• Solution:
We plot the point in Figure 6.

Figure 6
Example 2 – Solution cont’d

• From Equations 1 we have

• Thus the point (2,  /4,  /3) is in


rectangular coordinates.
Curvilinear Coordinates:
• Curvilinear coordinates are those coordinates
that use a coordinate system where the
coordinate lines or axes can be made in form
of curves. This is very useful because some
complex problems take a difficult method to
solve in Cartesian (x, y, z) coordinates, and
hence, the method of curvilinear coordinates
is used.
In
Volume of a Solid Region
mathematics, a volume element provides a means
or integrating a function with respect to volume in various
coordinate systems such as spherical coordinates and cylindrical
coordinates. Thus a volume element is an expression of the form
if f(x)  0, then the single integral represents the area under
the curve y = f(x) from a to b, and if
f(x, y)  0, then the double integral D f(x, y) dA represents
the volume under the surface z = f(x, y) and above D.
If R denotes the region y > 2(x–1), y < 2x + 1, y >1–x, y < 2–x, then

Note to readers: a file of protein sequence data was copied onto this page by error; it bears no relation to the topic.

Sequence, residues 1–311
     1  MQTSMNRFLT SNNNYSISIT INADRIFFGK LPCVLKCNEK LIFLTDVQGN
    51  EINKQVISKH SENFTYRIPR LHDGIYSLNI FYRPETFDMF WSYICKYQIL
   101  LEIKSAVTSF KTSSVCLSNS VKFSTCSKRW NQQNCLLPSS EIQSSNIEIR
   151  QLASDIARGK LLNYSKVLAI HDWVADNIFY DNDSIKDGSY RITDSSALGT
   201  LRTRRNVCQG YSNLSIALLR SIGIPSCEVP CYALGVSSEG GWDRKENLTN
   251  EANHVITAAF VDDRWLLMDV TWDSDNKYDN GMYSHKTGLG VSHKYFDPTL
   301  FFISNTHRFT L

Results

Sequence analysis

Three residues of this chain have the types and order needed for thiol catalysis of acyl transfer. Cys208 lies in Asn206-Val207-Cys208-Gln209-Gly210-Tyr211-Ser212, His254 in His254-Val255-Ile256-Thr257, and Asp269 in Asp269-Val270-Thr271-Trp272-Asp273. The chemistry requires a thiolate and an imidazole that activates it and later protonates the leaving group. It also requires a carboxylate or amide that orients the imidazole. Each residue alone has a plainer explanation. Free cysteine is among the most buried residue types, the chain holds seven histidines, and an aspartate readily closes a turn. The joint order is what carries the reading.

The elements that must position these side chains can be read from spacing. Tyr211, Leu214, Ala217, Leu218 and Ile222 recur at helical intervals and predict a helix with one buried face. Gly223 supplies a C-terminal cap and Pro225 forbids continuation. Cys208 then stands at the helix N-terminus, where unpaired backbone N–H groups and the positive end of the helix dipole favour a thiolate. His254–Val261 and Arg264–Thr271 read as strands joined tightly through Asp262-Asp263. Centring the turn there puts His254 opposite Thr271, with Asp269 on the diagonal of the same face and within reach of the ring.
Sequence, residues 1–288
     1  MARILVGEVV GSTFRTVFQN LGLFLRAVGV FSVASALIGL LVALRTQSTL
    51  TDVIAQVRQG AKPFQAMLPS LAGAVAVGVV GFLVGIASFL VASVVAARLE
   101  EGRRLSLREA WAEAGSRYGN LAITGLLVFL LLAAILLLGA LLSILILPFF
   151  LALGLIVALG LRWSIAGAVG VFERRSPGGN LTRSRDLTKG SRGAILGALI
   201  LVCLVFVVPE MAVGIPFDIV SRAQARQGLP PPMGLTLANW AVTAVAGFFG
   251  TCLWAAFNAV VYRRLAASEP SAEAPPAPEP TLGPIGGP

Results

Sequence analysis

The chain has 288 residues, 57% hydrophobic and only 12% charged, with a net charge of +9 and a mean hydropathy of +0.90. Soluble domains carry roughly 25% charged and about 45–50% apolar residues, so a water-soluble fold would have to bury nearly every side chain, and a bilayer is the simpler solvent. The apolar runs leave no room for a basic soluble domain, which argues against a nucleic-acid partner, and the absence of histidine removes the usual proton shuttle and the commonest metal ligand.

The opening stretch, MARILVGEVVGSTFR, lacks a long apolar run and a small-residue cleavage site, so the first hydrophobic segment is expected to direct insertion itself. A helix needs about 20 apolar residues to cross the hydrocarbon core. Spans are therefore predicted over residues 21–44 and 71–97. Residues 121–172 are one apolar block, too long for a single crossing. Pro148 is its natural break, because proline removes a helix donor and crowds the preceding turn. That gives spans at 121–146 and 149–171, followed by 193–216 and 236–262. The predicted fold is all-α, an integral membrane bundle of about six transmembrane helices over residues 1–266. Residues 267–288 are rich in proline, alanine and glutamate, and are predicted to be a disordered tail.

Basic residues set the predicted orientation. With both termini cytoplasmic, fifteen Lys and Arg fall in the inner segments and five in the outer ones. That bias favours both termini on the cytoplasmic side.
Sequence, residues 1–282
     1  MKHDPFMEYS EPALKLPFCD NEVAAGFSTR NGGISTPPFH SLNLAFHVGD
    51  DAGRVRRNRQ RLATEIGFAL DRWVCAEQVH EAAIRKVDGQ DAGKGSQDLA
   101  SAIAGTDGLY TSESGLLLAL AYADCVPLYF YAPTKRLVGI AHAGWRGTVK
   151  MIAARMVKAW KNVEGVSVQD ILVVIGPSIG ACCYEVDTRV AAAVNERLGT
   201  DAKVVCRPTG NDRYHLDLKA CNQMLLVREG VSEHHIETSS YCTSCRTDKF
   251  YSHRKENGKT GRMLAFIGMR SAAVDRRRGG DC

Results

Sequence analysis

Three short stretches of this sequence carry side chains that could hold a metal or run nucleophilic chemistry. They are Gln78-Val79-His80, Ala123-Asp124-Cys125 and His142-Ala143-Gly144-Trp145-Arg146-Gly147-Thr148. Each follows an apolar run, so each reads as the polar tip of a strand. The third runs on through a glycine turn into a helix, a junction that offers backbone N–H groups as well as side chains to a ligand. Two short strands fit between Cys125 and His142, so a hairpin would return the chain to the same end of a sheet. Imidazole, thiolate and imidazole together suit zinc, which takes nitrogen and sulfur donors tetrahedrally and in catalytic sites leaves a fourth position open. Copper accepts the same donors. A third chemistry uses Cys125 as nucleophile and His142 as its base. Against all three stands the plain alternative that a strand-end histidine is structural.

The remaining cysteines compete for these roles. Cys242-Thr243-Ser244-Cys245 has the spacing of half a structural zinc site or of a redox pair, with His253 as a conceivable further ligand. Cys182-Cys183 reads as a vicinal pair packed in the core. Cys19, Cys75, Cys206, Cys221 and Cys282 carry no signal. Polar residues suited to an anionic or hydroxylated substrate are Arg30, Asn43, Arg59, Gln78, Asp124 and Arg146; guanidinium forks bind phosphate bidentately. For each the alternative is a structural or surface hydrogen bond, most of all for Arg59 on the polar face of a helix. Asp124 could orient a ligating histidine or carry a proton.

R xy dxdy  ?
( Hint: Change coordinates to u = y – 2x, v = x + y )

Solving for x and y, in terms of u and v, we get: x = (v-u)/3, y = (u+2v)/3. The


Jacobian determinant of this coordinate transformation is then
Volume of a Solid Region
1 1
| J |  3 3   2  1  1.
1 2 9 9 3
3 3
Thus, dx dy = 1/3 du dv, and the above integral becomes:
2 1 2 1
v  u  u  2v  1 dudv  1  2v2  u 2  uv  dudv
1 2 3 3 3 27 1 2 



2 1 2 1 2 1
 2  v2dv  du  1  dv  u 2du  1  vdv  udu
27 1 2
27 1 2 27 1 2
2 1 2 1
2 v3 1 u3 1 v2 u 2

27 3
1 (2)  27 3 
27 2 2
1 2 1 2

81  
  81 
3
 108
 
 2 23 13  3  1 13   2   1 22 12 12   2 
2

 14  1  1  53
27 9 12 108
Volume of a Solid Region

Example 1
Evaluate the triple integral B xyz2 dV, where B is the rectangular